Historical story

Was Stalin gay?

He was an avid homophobe, we know for sure. During his time in the Soviet Union, a draconian law was introduced, according to which homosexuals could end up in a labor camp for up to eight years. Many high officials and members of the ruling elite fell victim to the anti-gay campaign. Where did Stalin's obsession with gays come from? Was it not something personal for him at times?

Stalin called his enemies "male whores", he did not hide his deep aversion, even hatred, towards the gays he sent to labor camps. Yet there is no shortage of theories about Stalin's bisexuality. It is known that he had problems with women.

His marriages were not successful, both wives died prematurely. The second wife, Nadia, committed suicide during the revolution's 15th anniversary party. Stalin was not particularly devastated by this loss, he believed that the Bolshevik should love the party more than his wife.

Love for the party, however, did not mean giving up your erotic life. As Simon Sebag Montefiore claims in his famous biography "Stalin. The Court of the Red Tsar 'the dictator flirted with women in a timid and awkward manner. An actress he liked was adored at dinner by throwing bread balls at her.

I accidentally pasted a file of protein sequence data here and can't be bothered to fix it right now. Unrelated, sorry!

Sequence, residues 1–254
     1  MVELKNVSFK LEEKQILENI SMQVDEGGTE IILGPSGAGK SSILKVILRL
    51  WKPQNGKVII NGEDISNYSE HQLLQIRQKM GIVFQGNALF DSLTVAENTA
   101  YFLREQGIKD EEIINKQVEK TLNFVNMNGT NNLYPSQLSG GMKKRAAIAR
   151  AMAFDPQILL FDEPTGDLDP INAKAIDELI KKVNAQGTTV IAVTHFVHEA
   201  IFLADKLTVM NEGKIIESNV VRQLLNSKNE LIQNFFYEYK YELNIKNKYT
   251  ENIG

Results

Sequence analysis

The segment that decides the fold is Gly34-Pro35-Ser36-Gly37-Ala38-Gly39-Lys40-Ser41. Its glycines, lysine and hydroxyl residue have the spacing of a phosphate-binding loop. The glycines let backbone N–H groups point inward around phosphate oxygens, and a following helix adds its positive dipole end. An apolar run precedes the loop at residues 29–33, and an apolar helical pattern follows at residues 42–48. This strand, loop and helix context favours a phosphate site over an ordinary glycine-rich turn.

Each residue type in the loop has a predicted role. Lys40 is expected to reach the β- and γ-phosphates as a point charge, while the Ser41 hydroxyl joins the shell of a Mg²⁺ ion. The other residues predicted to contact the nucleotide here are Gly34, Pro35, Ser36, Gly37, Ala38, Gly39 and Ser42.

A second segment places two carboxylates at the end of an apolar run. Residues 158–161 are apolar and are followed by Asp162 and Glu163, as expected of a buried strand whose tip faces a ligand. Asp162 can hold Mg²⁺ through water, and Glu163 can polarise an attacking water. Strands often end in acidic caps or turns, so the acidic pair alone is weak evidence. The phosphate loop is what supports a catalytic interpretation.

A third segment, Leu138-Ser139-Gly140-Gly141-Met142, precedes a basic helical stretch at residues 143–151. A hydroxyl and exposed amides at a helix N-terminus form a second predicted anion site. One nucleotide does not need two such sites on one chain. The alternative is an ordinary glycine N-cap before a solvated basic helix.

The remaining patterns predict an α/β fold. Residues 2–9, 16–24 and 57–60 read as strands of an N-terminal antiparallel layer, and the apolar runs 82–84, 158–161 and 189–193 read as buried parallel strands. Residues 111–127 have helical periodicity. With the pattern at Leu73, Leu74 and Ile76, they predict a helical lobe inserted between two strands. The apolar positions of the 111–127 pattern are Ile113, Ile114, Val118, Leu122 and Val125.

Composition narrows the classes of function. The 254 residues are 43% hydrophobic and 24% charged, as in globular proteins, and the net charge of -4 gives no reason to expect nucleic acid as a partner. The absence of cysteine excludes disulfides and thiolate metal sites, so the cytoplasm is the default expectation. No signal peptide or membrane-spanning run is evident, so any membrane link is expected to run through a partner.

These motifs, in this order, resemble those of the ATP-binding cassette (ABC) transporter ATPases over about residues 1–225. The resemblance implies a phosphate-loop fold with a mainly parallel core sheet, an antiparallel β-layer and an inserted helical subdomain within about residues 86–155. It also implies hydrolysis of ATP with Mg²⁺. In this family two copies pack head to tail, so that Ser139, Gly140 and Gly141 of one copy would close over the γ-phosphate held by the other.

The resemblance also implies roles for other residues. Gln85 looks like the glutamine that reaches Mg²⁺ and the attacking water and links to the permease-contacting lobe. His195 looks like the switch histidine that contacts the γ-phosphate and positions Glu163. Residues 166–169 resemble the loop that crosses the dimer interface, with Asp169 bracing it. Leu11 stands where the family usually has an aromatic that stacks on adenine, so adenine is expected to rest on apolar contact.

The anniversary of the October Revolution was associated with Stalin not only with a great victory, but also with the suicide of his wife - Nadia.

He was also not an affectionate lover. “I was taking my powerful tool out of my white pants. Later, I approached the matter very specifically. A few moves and the end ”- we can learn this from the book“ Stalin's Confession. A frank conversation with the old Bolshevik ”, written by Christopher Mack.

Describing this thread in Stalin's life, the author does not omit references to the probable bisexuality of Josif Vissarionovich Dzugashvili. This was to be proved by Stalin's specific behavior towards men, for example, the passionate kiss that the drunk dictator gave to William Bullitt, the first American ambassador to the USSR.

Dancing with a man - Molotov's specialty

On the one hand, homosexuality in the Soviet Union was punishable, but on the other hand, male friendship formed the basis of Soviet propaganda. In one of the regime's films, "Tractor Drivers," it is not difficult to find threads with homosexual overtones, for example in scenes showing three tractor drivers sleeping together under one coat.

Men surrounded Stalin in his professional and private life. The commander held private parties at which alcohol poured in streams. Mainly male company enjoyed them. One of Stalin's favorite pastimes during such binge drinking was pairing up his guests to dance for him.

"Since the 1930s, Molotov's specialty has been to dance with another man to the amusement of Stalin," says Montafiore in his book. One of Molotov's dance partners at the chief's dance was Jakub Berman. A close associate of Bierut did not expect an invitation to dance from the USSR minister of foreign affairs, but he did not refuse. He remembered Stalin smiling at the dancers and "really enjoying himself".